Pigeons playing Ping-Pong: fact or fiction?

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00-skinnerbird-01.jpgFact. Have you ever seen a pigeon play Ping-Pong? Well through simple animal training techniques this is an actuality. Using a couple simple training techniques an animal behaviorist, named B.F. Skinner, was able to teach two pigeons to play during World War II. Skinner later had the idea based off of the Ping-Pong experiment to use pigeons to help guide missiles to specific targets during the war. In theory the pigeons would help to avoid human causalities from fighter pilots getting shot down, as the pigeons were much smaller targets. Although, Skinner's theories about pigeon guided missiles was never actually attempted during the war.

Skinner used a technique called shaping by successive approximations, or shaping. Shaping is used to achieve a particular behavior by finding one that is close to the desired behavior and then slowly "fading" out the behaviors closer and closer to the desire one. Skinner also used chaining, which links two smaller behaviors, that are easier to train, together. By doing this, the animal is cued from the second behavior by merely doing the first and so on. With the successful chaining of the two behaviors, Skinner was able to teach the pigeons to play a seemingly never-ending game of Ping-Pong.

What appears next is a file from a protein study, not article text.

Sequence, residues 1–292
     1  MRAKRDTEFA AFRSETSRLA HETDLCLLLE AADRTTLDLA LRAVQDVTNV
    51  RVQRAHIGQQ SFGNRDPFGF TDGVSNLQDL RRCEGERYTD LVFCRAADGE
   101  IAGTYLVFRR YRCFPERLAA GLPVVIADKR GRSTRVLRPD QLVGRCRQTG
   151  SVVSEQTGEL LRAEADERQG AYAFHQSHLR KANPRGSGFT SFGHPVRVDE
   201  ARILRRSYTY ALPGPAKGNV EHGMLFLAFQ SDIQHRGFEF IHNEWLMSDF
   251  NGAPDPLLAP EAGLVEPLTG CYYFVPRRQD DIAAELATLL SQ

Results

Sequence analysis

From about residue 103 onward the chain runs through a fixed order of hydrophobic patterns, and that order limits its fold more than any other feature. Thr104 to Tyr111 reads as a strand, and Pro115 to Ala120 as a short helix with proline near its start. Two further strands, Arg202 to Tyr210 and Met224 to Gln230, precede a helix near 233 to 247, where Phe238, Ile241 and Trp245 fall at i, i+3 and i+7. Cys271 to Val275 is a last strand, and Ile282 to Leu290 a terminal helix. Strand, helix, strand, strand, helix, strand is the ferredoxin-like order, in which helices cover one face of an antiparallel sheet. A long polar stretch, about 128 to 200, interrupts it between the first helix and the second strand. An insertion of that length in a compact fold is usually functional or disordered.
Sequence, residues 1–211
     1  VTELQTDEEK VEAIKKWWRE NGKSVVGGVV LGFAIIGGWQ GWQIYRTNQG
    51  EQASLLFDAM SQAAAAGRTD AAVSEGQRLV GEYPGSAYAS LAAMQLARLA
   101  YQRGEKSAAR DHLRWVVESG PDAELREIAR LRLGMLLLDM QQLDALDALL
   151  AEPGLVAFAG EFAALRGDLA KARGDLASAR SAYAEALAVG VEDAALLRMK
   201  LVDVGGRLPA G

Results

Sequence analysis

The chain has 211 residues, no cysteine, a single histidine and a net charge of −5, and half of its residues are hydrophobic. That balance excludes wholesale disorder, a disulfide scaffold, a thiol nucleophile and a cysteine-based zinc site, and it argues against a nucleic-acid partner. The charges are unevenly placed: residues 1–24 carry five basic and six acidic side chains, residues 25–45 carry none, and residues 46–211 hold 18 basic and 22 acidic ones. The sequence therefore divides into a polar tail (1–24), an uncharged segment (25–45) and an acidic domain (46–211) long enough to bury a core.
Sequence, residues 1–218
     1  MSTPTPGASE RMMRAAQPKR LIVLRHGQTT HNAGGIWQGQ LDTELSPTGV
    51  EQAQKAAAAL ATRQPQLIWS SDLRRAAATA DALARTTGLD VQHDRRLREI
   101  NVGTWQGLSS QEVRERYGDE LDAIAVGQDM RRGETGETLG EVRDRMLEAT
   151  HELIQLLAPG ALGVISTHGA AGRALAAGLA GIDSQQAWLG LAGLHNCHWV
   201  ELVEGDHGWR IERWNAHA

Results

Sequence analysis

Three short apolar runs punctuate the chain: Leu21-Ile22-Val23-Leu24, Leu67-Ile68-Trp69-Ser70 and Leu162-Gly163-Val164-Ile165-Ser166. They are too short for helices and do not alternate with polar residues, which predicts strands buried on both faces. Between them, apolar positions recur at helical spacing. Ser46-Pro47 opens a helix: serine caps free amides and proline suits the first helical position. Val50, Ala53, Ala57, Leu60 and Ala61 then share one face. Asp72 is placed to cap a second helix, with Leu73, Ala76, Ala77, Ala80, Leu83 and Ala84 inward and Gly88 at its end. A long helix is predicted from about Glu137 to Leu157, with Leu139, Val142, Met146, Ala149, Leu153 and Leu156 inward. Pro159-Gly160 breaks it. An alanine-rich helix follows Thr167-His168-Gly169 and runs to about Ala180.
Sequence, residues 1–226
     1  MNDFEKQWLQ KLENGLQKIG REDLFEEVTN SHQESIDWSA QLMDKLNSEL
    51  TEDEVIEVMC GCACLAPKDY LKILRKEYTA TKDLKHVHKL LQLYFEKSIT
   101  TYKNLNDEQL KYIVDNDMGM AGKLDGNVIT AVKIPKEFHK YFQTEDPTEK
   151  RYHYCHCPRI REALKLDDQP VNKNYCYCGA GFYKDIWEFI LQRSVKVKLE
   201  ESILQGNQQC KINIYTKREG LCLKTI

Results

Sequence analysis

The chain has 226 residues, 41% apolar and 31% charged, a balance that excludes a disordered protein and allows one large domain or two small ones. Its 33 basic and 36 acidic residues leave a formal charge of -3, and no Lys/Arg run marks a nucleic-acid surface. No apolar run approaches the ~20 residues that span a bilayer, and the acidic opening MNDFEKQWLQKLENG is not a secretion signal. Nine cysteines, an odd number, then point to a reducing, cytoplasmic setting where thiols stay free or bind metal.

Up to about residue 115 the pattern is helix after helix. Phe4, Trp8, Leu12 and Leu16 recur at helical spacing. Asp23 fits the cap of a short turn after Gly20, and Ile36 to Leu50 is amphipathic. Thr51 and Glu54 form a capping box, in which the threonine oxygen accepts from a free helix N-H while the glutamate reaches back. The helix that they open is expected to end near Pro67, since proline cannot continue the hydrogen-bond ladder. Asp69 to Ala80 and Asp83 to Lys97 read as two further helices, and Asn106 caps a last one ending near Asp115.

In fact Skinner's techniques on animal training are still used by animal trainers today.


To view the pigeons playing Ping-Pong click here.

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Using animals as weapons delivery systems was common near the end of WWII. In fact, the Russians had trained their dogs to attack tanks using the same methods that Skinner used to train his pigeons. The training 'shaped' their dogs to be able to sniff out gasoline. Once they found the gasoline, the chained behavior was to lay down with the smell of gasoline. In the field, the dog-bomb would be detonated when the animal laid down.

However, the dog-bomb system didn't work out for the Russians. Many dogs would forget their training out of fear when the tanks would fire off. The dogs that weren't afraid of the noise weren't much help either. Having been trained on the smell and sight of Russian tanks, the dogs would run toward Russian tanks and unintentionally kill friendly soldiers. Obviously, the training was too good.

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This page contains a single entry by masu0038 published on January 27, 2012 7:27 PM.

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